Profit-booking, coupled with doubts over the central government's ability to push through key economic legislations during the upcoming parliament session, dragged the Indian equity markets lower during the late-afternoon trade session on Tuesday.
The weak exports figures for January and dwindling rupee value also subdued investors' sentiments.
Consequently, the barometer 30-scrip sensitive index (Sensex) of the Bombay Stock Exchange (BSE) declined by 356 points or 1.51 percent.
Similarly, the wider 50-scrip Nifty of the National Stock Exchange (NSE) was trading in the red. It was lower by 116 points or 1.61 percent at 7,047.30 points.
The Sensex, which opened at 23,688.61 points, was trading at 23,197.66 points (2.45 p.m.) -- down 356.46 points or 1.51 percent from the previous day's close at 23,554.12 points.
During the intra-day trade, the Sensex touched a high of 23,692.08 points and a low of 23,178.53 points.
The BSE market breadth favoured the bears -- with 1,967 declines and only 569 advances.
Initially, both the indices of the Indian equity markets opened on a positive note, in-sync with their Asian peers and Monday's sharp gains.
Besides, a rise in crude oil prices, which climbed to over the $30 a barrel mark (one barrel is equal to 159 litres), led investors to chase stock prices higher.
However, profit booking on the back of gains made on last Friday and Monday dragged the markets lower.
Moreover, investors' confidence was eroded due to continuing conflict between the ruling NDA (National Democratic Alliance) and the opposition, which is seen as having a bearing on some key economic legislations.
The upcoming session assumes significance as major economic legislations like bankruptcy code and Goods and Services Tax (GST) Bill will be taken up for approval by the upper house of parliament.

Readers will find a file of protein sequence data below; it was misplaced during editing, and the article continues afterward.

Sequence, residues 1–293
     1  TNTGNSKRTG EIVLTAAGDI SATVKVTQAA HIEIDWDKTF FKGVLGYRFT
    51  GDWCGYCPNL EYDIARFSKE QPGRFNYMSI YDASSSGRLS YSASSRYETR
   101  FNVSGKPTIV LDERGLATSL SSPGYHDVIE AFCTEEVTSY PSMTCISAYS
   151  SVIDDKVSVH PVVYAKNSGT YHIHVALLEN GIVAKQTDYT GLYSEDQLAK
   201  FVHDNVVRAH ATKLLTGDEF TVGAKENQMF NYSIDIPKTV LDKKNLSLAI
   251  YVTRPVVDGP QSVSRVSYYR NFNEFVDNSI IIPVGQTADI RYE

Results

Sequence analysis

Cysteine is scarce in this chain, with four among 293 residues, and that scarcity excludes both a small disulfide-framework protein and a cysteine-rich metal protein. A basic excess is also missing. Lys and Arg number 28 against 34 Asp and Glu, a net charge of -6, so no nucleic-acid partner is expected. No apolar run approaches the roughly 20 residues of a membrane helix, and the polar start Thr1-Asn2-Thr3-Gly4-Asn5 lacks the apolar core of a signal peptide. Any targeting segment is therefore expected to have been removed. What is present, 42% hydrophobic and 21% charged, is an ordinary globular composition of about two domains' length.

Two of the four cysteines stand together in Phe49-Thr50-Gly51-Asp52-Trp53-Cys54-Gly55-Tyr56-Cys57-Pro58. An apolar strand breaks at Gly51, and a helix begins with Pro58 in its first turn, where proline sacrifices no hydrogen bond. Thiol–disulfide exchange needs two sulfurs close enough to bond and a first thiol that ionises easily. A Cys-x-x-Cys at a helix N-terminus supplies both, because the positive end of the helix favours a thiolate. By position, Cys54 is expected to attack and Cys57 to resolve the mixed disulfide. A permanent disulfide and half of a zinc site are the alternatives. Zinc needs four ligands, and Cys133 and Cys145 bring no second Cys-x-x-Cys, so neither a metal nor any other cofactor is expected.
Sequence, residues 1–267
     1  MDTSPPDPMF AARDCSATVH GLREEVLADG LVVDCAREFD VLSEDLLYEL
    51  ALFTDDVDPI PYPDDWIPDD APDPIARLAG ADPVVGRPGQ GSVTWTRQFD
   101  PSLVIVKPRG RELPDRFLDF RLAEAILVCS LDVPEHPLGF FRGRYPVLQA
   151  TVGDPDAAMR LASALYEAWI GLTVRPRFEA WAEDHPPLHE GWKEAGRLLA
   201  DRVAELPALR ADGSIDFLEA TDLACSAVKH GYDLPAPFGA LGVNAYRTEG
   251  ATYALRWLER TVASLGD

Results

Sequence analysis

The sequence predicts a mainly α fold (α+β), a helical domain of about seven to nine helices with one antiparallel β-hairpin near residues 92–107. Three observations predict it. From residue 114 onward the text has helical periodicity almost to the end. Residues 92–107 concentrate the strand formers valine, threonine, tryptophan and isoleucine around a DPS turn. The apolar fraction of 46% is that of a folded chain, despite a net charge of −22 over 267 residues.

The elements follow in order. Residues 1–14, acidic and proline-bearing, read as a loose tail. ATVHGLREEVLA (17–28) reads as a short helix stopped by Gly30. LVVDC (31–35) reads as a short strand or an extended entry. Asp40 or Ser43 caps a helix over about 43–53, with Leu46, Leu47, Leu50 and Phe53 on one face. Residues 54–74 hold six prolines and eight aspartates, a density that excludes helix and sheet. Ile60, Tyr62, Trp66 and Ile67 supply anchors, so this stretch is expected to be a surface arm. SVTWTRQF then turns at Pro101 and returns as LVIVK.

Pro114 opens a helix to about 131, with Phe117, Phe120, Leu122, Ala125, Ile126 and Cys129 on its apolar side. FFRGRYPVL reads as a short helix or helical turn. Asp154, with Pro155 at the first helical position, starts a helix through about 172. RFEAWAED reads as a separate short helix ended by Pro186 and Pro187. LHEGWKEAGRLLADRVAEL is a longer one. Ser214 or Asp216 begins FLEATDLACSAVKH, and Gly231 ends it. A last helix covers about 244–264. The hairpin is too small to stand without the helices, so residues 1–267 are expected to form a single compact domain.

In addition, dwindling exports numbers and a weak rupee dented the equity markets.
The Indian rupee opened on a weak note, down seven paise to 68.14 against a US dollar from its previous close of 68.06-07 to a greenback.
On the exports front, Monday's late evening macro data release showed a slump of 13.6 percent in January in dollar terms over the same month a year ago.
"Profit bookings on the back of last two sessions gains and fears of a washout of the upcoming parliamentary session led to the decline in the markets," Anand James, co-head, technical research desk with Geojit BNP Paribas Financial Services, told IANS.
Nitasha Shankar, vice president for research with YES Securities, cited that Indian markets traded on a negative note, post the sharp rise seen on Monday, which indicated a consolidation mode before the markets embarks on its next trend.
"Further, our markets are underperforming its Asian peers which are trading with handsome gains. Broader markets have also declined, under-performing the headline indices," Shankar noted.